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FLST: Speech Recognition Bernd Möbius

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2 FLST: Speech Recognition Bernd Möbius

3 FLST: Speech Recognition ASR and ASU Automatic speech recognition recognition of words or word sequences necessary basis for speech understanding and dialog systems Automatic speech understanding more directly connected with higher linguistic levels, such as syntax, semantics, and pragmatics 2

4 FLST: Speech Recognition Structure of dialog systems 3 feature extraction word recognition syntactic analysis semantic analysis pragmatic analysis dialog control answer generation speech synthesis ASU ASR NLG

5 FLST: Speech Recognition Acoustic analysis Feature extraction utterance is analyzed as a sequence of 10 ms frames in each frame, spectral information is coded as a feature vector (MFCC, here: 12 coefficients) MFCC = mel frequency cepstral coefficients typically 13 static and 26 dynamic features 4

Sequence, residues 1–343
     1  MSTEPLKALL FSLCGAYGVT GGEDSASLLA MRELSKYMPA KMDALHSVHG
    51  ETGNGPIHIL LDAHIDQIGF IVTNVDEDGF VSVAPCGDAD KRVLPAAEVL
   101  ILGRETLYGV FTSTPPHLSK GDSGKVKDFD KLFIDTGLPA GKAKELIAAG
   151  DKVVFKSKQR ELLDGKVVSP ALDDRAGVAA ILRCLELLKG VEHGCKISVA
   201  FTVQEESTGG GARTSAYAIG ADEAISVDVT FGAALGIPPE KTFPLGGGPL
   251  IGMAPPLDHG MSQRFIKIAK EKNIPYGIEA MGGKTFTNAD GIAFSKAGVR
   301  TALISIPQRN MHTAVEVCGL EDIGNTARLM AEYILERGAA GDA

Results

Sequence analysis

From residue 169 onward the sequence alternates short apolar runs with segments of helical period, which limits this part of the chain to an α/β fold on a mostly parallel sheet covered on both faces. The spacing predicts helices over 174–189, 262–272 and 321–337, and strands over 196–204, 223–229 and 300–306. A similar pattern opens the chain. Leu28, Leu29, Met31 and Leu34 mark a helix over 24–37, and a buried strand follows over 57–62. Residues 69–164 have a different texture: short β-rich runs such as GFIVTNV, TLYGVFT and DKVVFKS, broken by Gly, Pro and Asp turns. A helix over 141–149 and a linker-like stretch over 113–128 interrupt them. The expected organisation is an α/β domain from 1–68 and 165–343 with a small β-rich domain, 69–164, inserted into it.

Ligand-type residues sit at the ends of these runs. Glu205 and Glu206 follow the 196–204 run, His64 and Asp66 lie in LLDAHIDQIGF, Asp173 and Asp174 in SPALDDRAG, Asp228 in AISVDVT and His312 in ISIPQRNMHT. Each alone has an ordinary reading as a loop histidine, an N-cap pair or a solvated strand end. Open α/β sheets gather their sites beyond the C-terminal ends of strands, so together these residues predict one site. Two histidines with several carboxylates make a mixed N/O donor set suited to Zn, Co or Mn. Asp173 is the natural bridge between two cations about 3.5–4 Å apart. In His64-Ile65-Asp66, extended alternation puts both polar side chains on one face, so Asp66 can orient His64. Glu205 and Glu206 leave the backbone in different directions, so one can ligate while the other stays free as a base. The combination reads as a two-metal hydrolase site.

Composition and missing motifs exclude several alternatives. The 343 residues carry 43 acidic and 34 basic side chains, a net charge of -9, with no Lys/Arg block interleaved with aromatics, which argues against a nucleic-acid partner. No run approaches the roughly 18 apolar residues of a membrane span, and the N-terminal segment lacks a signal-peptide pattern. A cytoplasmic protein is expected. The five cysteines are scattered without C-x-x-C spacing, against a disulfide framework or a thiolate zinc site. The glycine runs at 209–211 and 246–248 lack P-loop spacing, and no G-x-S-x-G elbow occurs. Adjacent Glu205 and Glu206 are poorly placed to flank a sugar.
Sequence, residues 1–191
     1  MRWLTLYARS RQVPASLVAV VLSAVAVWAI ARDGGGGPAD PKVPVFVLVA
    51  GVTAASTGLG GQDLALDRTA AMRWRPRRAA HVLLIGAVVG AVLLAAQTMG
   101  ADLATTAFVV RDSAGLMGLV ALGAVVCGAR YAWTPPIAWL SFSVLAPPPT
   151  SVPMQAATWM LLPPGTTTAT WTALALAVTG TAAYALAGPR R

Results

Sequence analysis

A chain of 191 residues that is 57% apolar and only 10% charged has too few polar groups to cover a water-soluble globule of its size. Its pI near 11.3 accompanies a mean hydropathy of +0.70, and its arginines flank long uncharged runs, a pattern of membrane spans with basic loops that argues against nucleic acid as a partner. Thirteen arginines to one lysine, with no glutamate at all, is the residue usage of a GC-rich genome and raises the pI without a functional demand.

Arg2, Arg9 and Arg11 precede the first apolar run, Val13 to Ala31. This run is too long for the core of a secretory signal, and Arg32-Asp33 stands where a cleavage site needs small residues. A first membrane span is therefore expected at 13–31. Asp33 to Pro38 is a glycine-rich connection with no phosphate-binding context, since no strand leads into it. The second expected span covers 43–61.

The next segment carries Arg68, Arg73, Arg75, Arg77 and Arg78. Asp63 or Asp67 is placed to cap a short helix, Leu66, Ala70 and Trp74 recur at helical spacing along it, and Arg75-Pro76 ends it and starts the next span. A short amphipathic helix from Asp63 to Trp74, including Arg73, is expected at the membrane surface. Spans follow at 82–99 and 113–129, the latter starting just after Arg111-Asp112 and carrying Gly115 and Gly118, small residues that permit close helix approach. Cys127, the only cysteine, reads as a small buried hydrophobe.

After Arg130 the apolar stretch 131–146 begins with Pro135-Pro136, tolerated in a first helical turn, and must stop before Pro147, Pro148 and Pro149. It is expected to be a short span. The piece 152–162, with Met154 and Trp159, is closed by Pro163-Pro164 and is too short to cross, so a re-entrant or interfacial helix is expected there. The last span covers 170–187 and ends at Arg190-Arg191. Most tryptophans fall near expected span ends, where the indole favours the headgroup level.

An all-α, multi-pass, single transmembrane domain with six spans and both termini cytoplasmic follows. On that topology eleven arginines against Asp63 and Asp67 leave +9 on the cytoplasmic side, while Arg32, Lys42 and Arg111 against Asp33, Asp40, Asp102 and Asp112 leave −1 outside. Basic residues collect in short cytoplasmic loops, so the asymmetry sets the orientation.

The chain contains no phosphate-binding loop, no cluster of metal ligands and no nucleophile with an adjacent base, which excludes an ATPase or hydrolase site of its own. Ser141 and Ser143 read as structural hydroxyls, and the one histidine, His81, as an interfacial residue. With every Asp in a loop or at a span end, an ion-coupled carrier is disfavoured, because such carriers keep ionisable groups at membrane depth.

6 FLST: Speech Recognition Acoustic analysis Word recognition acoustic model (HMM): probabilities of sequences of feature vectors, given a sequence of words stochastic language model: probabilities of word sequences n-best word sequences (word hypotheses graphs) 5

7 FLST: Speech Recognition Word hypotheses graph 6 [Kompe 1997]

8 FLST: Speech Recognition Linguistic analysis Syntactic analysis finds optimal word sequence(s) w.r.t. word recognition scores and syntactic rules / constraints determine phrase structure in word sequence relies on grammar rules and syntactic parsing Semantic analysis utterance interpretation (w/o context/domain info) Pragmatic analysis disambiguation and anaphora resolution (context info) 7